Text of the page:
The Government of Kuwait executed seven prisoners by hanging on 25 January 2017. Kuwaiti Emir Sheikh Sabah Al-Ahmad Al-Sabah authorized the executions, which took place at the country’s central prison. Kuwait’s hangings come on the heels of recent executions in Bahrain and signal another disappointing move away from death penalty moratoria in the region.
Those hanged include a member of the Kuwaiti ruling family, identified as Sheikh Faisal Abdullah Al-Jaber Al-Sabah, as well as a Kuwaiti woman. Among the others sentenced to death were two Egyptian men, a Bangladeshi man, an Ethiopian woman, and a Filipina woman. Each had been convicted on charges relating to violent crimes, including murder and rape, by Kuwaiti courts between 2007 and 2011. Kuwaiti law also carries the death penalty for nonviolent crimes, including drug-related offenses such as smuggling.
These were the first executions that have been carried out in Kuwait since 2013, when Kuwaiti authorities executed five prisoners. The 2013 executions were, in turn, the first since the imposition of a “de facto” moratorium on the use of the death penalty in Kuwait in 2007.
Kuwait’s most recent executions also add to the number of countries in the region that are moving away from the decision to establish moratoria on the use of the death penalty. Indeed, the hangings in Kuwait come less than two weeks after Bahrain ended its own six-year de facto moratorium on the use of capital punishment: on 15 January, Bahraini authorities executed three prisoners convicted on charges of alleged involvement in a 2014 bomb attack that killed three police officers. The three executed men had been tortured into making false confessions and exhausted their appeals process prior to their executions. Saudi Arabia, for its part, executed over 150 people in 2016 alone, including 47 on a single day.
Kuwait, Bahrain, and Saudi Arabia are members of the Gulf Cooperation Council (GCC), and it would be an extremely worrying development if the Council’s members continue to move towards a regional policy that includes the increased use of the death penalty.
The International Covenant on Civil and Political Rights (ICCPR), to which both Kuwait and Bahrain have acceded (Kuwait in 1996; Bahrain in 2006), also imposes several conditions on the use of the death penalty, without banning it outright. This includes a minimum age requirement as well as the stipulation that the death penalty may not be imposed where a fair trial has not been granted or where other ICCPR rights have been violated. The Second Optional Protocol to the ICCPR does prohibit all use of the death penalty, but no GCC member state has ratified it.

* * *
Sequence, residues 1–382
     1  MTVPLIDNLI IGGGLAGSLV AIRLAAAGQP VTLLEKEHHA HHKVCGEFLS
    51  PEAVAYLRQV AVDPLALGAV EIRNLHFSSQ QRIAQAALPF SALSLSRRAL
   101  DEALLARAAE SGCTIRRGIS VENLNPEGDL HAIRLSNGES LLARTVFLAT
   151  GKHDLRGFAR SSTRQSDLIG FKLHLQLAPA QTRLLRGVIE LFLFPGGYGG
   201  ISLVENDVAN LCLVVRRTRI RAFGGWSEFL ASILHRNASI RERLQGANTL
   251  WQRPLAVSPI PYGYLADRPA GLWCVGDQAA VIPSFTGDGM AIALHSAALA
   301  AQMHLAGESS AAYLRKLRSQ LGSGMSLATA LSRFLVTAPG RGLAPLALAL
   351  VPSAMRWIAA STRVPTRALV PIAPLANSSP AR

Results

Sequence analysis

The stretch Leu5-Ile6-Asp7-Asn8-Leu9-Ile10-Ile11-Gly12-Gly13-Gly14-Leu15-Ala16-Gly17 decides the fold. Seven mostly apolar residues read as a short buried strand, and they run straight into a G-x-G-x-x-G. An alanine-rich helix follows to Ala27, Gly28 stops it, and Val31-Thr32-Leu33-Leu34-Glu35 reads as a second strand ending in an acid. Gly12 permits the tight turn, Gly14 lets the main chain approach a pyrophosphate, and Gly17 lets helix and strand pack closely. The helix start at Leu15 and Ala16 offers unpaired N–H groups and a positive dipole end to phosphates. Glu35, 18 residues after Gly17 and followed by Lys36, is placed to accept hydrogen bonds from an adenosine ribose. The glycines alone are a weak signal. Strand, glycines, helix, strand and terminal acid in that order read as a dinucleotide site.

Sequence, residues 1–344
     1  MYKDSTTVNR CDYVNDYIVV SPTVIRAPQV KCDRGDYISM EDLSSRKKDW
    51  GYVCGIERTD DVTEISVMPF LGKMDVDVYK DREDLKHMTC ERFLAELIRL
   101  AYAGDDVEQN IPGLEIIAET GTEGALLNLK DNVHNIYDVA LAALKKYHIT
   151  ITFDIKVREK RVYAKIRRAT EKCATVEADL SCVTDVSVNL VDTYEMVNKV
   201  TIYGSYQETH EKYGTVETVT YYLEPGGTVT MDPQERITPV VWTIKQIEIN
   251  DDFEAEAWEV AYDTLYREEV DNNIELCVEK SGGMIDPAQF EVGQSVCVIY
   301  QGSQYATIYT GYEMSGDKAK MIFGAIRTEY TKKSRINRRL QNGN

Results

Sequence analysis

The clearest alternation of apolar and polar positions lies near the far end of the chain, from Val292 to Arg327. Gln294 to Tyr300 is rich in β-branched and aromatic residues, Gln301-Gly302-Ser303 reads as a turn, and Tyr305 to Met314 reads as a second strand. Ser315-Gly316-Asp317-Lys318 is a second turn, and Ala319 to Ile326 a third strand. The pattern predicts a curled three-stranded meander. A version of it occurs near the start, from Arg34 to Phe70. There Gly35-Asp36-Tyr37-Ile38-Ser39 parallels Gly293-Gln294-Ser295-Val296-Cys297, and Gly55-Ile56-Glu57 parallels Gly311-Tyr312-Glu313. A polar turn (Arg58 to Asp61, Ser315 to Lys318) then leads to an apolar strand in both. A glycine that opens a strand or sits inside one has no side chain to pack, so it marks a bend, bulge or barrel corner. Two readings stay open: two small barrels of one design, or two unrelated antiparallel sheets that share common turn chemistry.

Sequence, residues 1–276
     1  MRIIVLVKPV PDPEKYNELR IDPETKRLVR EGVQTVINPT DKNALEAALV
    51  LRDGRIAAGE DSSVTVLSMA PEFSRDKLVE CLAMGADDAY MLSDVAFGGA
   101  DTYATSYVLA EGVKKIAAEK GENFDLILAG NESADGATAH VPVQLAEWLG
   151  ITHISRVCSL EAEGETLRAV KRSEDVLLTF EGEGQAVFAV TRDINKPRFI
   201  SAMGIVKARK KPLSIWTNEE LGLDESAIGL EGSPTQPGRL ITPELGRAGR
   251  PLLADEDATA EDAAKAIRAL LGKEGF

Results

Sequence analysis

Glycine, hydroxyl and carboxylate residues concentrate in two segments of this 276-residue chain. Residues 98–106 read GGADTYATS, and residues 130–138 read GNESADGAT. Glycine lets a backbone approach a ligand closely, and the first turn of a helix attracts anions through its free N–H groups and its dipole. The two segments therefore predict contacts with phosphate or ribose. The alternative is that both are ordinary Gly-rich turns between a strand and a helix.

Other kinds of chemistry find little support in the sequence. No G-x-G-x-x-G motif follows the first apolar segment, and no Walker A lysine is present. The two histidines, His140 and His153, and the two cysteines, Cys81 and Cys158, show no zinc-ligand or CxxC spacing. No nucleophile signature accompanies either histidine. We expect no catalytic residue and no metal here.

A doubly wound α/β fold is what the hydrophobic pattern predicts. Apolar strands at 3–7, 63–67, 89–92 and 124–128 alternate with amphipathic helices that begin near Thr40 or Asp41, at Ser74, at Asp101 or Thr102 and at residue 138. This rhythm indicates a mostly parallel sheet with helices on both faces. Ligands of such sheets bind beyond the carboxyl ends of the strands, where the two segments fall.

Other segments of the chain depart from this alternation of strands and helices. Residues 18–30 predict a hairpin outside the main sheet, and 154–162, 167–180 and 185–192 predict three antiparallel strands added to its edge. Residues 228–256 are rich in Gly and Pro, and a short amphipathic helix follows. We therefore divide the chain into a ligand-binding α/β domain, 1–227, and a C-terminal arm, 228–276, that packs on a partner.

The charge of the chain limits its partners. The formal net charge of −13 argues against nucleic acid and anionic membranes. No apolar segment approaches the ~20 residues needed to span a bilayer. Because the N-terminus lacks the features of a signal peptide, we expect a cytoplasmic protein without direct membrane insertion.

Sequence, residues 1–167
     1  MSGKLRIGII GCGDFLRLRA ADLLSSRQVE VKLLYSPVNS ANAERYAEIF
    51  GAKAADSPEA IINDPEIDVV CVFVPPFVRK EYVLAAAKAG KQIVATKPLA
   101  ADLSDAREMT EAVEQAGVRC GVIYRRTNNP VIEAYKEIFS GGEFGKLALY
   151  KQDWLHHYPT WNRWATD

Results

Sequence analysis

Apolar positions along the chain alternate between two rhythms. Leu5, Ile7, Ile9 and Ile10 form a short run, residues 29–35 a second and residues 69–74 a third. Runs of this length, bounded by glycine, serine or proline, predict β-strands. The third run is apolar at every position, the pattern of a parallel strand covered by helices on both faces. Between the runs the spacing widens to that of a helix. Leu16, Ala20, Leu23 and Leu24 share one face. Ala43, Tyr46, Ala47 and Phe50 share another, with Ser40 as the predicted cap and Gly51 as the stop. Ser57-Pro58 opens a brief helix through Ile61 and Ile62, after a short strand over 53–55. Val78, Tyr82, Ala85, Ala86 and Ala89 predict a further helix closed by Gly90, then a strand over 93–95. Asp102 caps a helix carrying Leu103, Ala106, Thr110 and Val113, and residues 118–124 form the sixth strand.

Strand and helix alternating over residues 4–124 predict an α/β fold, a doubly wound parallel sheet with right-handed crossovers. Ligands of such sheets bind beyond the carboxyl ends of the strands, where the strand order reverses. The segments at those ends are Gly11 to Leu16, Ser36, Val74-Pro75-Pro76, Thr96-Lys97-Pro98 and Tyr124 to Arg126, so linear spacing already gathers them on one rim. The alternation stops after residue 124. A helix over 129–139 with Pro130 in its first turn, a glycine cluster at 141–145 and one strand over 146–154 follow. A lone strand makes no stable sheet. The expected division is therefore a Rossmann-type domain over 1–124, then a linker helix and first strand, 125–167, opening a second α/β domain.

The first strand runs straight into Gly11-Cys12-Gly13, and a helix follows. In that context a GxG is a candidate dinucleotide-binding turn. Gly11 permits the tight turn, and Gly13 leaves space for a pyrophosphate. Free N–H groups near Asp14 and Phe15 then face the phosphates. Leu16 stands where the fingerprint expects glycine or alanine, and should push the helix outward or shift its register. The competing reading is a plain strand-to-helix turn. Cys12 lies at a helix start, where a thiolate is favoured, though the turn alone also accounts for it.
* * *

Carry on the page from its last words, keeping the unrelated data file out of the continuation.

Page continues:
The use of the death penalty is strongly opposed by many human rights organizations on the grounds that it constitutes cruel, inhuman, and degrading treatment and violates the right to life. The irreversibility of the death penalty also contributes to its inhumanity, particularly when viewed alongside the capacity of courts to make mistakes and the propensity of repressive governments to carry out unfair trials. The case of the 15 January Bahraini executions illustrates this latter point: each of the three individuals executed was sentenced to death following unfair trials and convictions based on evidence that included confessions extracted under conditions of torture. Bahrain’s decision to carry out these executions therefore places it in violation of its obligations under the ICCPR. Human Rights Watch has, in the past, also documented violations of the right to due process in Kuwait’s criminal justice system that “have made it difficult for defendants to get a fair trial, including in capital cases.” Kuwaiti officials also recently announced that the age of eligibility for individuals to be sentenced to death would soon be lowered to age 16, despite the fact that the ICCPR bans the imposition of the death sentence on anybody under the age of 18.
Given these concerns, and the evidence that exists to validate them, the governments of Kuwait and other GCC states should halt any momentum behind the upswing in their application of the death penalty and take immediate steps to institute a moratorium on its use.
Phil Bracey is an Advocacy Intern at ADHRB.